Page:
HIGH blood pressure is one of those conditions we hear about a lot, but have you ever actually had yours checked?
Around one in three of us are blighted by high blood pressure – and many people don’t even realise they have it.
In fact, around five million Brits are undiagnosed because symptoms of the silent-killer are often invisible, even though high blood pressure increases risk of stroke, heart attack, heart disease, kidney disease and even vascular dementia.
That’s why it’s so important to get yours checked, either at the GP surgery, a local pharmacy, or via a home test.
For those who do have it, a healthy diet is crucial to keep blood pressure under control and lower it.
And there are some food and drinks you should just downright avoid.
We asked Becky Graham, Nutritionist at Get More Vits for her top tips on the foods to cut if you have high blood pressure…
The more salt we eat, the higher our blood pressure.
Salt makes the body hold onto water and if you eat too much, extra water in the blood puts pressure on blood vessel walls.
The NHS tells us to eat no more than six grams of salt a day (approximately one teaspoon).
Be aware that salt also goes by the name sodium and pre-packaged food usually contains a lot, so make sure you check your food labels, even those you might think are healthy, like wholegrain bread or soup.
2. Sugar and sugary drinks
Drinking lots of sugary drinks may raise blood pressure.
High levels of sugar in the blood can lead to a build-up of fatty material inside blood vessels, causing them to narrow (atherosclerosis) and a build-up of pressure.
One study linked sugar-sweetened beverages to higher blood pressure levels in children and adolescents.
Some sugary drinks also contain caffeine which elevates blood pressure further.
3. Refined carbohydrates
Products made from white flour – like white bread, pasta and pizza dough – are rapidly broken down into simple sugars in the blood and in excess can lead to weight gain and increased blood pressure.
Sticking to a low carb diet has been shown to reduce systolic and diastolic (pressures in your arteries) blood pressure, as well as other risk factors for heart disease.
4. Processed and pre-packaged foods
These often contain a combination of the worst offenders – salt, sugar (or glucose-fructose syrup) and refined carbohydrates.
Ready meals and fast foods often owe their flavour to lots of added sugar and salt.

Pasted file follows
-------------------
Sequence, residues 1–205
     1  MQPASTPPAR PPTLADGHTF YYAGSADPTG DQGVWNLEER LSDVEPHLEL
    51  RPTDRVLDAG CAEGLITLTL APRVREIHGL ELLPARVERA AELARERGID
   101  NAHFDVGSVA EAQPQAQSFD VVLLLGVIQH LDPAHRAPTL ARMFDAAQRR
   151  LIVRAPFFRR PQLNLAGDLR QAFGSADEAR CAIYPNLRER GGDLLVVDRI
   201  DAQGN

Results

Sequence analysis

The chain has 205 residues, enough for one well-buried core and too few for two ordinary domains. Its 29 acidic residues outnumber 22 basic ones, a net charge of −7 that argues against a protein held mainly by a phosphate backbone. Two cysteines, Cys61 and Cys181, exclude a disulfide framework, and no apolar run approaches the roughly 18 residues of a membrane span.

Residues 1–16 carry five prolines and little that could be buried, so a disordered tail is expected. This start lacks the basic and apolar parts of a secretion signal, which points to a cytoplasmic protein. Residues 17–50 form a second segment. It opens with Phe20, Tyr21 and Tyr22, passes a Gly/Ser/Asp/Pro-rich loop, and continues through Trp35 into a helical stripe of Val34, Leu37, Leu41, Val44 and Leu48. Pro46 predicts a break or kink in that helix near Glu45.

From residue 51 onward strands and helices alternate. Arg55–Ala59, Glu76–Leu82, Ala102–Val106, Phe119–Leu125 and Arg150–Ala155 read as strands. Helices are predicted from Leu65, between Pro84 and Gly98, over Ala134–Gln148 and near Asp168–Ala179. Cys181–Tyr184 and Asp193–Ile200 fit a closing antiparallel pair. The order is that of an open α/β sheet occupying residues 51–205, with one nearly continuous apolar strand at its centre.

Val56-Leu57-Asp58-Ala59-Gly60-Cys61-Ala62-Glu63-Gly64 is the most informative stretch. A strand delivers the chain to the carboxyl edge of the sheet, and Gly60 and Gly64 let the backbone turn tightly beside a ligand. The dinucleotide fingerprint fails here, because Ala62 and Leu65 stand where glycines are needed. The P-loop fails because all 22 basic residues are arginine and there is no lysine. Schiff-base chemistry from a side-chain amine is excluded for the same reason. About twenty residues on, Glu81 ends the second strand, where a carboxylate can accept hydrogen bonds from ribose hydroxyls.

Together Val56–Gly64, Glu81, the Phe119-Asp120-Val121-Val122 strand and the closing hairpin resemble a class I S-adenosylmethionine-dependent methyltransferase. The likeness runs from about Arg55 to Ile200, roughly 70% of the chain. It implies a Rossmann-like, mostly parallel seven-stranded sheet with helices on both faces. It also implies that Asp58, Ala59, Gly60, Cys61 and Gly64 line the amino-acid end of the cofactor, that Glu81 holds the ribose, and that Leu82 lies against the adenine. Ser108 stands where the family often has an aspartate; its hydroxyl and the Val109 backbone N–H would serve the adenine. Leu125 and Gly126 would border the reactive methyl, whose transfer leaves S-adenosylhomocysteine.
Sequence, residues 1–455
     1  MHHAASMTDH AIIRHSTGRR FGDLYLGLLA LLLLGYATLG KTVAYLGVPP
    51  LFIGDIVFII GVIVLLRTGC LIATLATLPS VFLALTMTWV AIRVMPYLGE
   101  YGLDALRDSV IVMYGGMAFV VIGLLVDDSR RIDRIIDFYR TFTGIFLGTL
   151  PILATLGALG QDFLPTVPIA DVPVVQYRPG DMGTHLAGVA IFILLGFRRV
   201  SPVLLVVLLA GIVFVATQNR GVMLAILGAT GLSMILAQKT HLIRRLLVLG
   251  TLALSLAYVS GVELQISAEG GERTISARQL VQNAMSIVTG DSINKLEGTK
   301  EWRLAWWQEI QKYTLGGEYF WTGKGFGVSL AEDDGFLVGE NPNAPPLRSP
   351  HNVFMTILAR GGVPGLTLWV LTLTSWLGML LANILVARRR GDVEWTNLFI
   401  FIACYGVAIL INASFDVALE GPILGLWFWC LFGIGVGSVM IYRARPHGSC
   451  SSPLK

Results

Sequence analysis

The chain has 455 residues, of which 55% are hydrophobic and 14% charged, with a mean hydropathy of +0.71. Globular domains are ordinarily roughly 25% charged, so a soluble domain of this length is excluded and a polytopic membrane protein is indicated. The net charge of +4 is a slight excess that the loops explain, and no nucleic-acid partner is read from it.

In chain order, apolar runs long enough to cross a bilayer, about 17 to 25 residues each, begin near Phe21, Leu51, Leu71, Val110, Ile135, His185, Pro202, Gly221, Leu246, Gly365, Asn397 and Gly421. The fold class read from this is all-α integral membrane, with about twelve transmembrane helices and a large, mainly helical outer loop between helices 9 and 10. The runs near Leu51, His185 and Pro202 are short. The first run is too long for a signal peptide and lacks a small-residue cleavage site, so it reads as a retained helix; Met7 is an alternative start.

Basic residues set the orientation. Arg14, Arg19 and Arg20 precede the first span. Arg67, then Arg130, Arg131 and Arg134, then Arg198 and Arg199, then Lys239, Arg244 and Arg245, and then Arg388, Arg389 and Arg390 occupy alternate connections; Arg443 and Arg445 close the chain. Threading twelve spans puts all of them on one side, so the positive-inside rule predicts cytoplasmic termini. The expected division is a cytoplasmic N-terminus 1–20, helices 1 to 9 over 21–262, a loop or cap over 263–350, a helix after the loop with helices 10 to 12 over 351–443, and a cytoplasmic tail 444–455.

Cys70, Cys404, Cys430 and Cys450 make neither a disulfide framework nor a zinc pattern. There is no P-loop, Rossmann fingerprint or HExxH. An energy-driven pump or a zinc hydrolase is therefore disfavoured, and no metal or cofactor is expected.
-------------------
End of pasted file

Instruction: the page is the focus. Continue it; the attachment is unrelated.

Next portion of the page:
Also watch out for shop bought sandwiches, cereal, cereal bars, crackers and biscuits.
It’s true that caffeine raises blood pressure, so if you have a pre-existing condition, it’s not a good idea in excess.
However, these effects have been shown only to make an impact in the short short-term, and the NHS says if we stick to four cups(!) of tea and coffee, we should be fine.
In fact, people who drink caffeinated coffee or tea tend to have a lower risk of heart disease, including high blood pressure, than those who don’t!
Regularly drinking to excess can affect the muscles in blood vessels, causing them to narrow.
The NHS tells us that both men and women should stick to no more than 14 units a week – here’s how to find out how many units in your favourite drink.
Alcohol is also high in calories, which can make you gain weight and further increase blood pressure.
7. Red meat
The process of digesting and metabolising red meat – beef, lamb, veal, pork – can release compounds in the body which elevate blood pressure.
8. Deli and processed meats
Sausages, hot dogs, salami, ham, cured bacon, salted, cured or smoked meat, corned beef and dried meats are packed with sodium.
This is because manufacturers cure, season, and preserve these meats with salt.
9. Saturated and trans fats
Saturated fats (like butter) have long got a bad rap, according to Blood Pressure UK – they raise cholesterol and are linked to atherosclerosis.
Although more recent studies suggest some saturated fats may be protective in cardiovascular disease and the real culprits are the combination of trans fats and sugar found in processed foods, it’s best to err on the side of caution.
Government recommendations for men are to eat no more than 30g saturated fat a day, and women no more than 20g.
Trans fats are more damaging, they are found in hydrogenated vegetable oil and we should have no more than 5g per day.
Healthy fats found in olive oil, avocados, nuts, seeds and low-fat dairy have been found to be protective in lowering blood pressure.
Ketchup, chilli sauce, soy sauce and salad dressings are often laden with salt and sugar – look for low sugar/salt varieties or make your own.
Keep salad dressing simple with a drizzle of extra virgin olive oil and balsamic vinegar.
Sorry, but due to a combination of ingredients such as refined white flour, processed meat and cheese, and sugar laden tomato sauce, our favourite Italian take-away is usually high in sugar, saturated fat and salt.
Frozen pizza is the worst as it often has even more added sodium to preserve the flavour.
Make pizza healthier at home, using homemade dough, tomato sauce and top with plenty of veggies.
12. Canned soups
Useful to have in the cupboard but often packed with salt and/or sugar to preserve flavour.
Tomato soup is the worst offender so always choose low sugar/salt varieties.
Batch cook soup at home using low sodium stock cubes and freeze in portions which can be quickly defrosted on the stove or in the microwave.
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